In November 3, 2009, a Mexican researcher and composer Patricio Calatayud interviewed Petri Kuljuntausta for his university thesis. In the thesis he focused on the composition Four Notes and Momentum album. This text is unpublished.
The Four Notes was released on Momentum album?
Foster Reed, the owner of New Albion records (USA), proposed that he could release my music on his label. He had heard my music, and he visited few times in Finland so we had chance to discuss about the project face-to-face. He was interested to release my CD, and I had already composed material for it: Momentum, Violin Tone Orchestra, Freedom and Canvas. I selected those compositions as these works were on the same line with New Albion’s musical style. That was the situation around 2001-2002 and this meaned the start for the ‘Momentum’ CD project.
I started to compose more music as I wanted to make a full-length CD. Those four compositions gave the direction for the CD, and I started to compose material that would work well together with those already made works (Momentum, Violin Tone Orchestra, Freedom and Canvas), but they should also give some extra dimension that I thought was needed for the album.
When the whole composition process was done, and all the compositions for the CD were ready, I send my material to Foster. But things had changed during this time and I heard from Foster that suddenly New Albion was at the middle of crisis. The company suffered from bad distribution contact and there were no buyers enough around. Their record sale collapsed, and Foster had to stop making new CDs. What they could do then, was only to complete already finished recording projects. I realised that the timing was bad for my CD project. And as this situation continued with New Albion, I decided to release ‘Momentum’ through Aureobel label.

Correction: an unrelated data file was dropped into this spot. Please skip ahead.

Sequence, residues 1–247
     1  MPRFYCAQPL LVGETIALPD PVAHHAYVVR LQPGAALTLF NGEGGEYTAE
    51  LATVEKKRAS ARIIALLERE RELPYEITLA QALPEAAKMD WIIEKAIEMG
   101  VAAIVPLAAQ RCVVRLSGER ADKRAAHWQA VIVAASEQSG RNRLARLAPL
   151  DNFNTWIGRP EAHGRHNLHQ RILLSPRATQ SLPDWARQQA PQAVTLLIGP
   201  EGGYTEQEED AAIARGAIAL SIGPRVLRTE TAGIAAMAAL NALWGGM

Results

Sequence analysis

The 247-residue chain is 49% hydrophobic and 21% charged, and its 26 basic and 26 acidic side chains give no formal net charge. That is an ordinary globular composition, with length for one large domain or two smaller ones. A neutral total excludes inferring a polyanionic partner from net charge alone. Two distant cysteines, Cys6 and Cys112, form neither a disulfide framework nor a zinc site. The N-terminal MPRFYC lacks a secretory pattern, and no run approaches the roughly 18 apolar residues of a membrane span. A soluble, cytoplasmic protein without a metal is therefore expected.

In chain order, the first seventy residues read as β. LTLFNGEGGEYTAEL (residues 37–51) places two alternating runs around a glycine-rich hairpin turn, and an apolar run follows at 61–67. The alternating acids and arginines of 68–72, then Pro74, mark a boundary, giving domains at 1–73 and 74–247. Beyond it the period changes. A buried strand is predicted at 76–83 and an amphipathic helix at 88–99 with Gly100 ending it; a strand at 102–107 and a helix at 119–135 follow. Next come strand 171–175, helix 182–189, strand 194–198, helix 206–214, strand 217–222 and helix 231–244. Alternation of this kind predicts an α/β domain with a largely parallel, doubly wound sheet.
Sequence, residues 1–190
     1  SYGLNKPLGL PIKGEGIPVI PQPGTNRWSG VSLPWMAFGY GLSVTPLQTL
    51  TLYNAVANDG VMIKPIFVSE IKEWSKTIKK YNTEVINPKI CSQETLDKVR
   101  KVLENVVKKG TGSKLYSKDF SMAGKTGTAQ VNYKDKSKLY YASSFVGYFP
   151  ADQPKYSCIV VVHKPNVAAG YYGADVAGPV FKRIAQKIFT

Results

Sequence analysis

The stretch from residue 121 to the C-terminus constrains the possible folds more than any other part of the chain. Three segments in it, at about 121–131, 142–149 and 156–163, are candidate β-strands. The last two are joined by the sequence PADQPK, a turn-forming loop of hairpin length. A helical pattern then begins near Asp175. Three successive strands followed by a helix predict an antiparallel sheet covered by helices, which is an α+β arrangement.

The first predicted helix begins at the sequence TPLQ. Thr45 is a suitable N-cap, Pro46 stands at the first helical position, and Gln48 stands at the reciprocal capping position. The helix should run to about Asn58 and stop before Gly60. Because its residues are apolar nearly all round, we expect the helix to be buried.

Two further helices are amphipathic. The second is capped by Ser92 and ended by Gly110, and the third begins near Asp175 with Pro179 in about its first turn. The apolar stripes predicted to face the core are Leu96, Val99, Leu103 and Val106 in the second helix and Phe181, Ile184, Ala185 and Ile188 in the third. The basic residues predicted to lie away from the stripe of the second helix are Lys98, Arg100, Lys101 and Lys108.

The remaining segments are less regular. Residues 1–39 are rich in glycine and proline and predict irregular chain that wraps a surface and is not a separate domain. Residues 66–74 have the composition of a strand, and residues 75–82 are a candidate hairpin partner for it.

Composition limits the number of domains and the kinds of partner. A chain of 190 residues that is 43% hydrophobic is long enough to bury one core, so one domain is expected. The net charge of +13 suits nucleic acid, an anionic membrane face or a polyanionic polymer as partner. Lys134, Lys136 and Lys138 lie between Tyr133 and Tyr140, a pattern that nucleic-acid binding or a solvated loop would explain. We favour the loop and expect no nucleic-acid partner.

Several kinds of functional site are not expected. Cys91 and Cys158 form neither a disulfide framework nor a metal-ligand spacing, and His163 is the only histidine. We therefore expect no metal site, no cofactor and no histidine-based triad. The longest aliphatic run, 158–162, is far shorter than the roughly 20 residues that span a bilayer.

What was the inspiration for the Four Notes? I mean in terms of sound source, or did it came out as a result of experimentation?
In Four Notes I wanted to experiment on how I could get new music out from a traditional music work by using it as a source material and using only a very limited sound sources. The origin of ‘Four Notes’ is in a classical piece. I picked up (or sampled) four separate violin notes from the selected piece, stretched them and combined (clued) together. I liked the warm and fat tone of the string sound, so that was the main reason why I selected string sounds for a source. Also the sound of the string instrument was something that I was looking for the Momemtum album (as there was Momentum piece, which was based on a sample of my string quartet). Also, the microtuning of each string note was one of the subjects that I wanted to study. I wanted to hear how the stretched tones, with their variating tuning, will react together — what kind of vibrations they might create when combined together.
I was very aware that when a musician plays a tones with his/her string instrument, the pitch is not 100% correct all the time (in well-tempered scale). As an experiment, I wanted to listen what happens after extreme stretching of these few notes and how these independent notes (four notes with their own micro tunings) will react with each other when putting them together.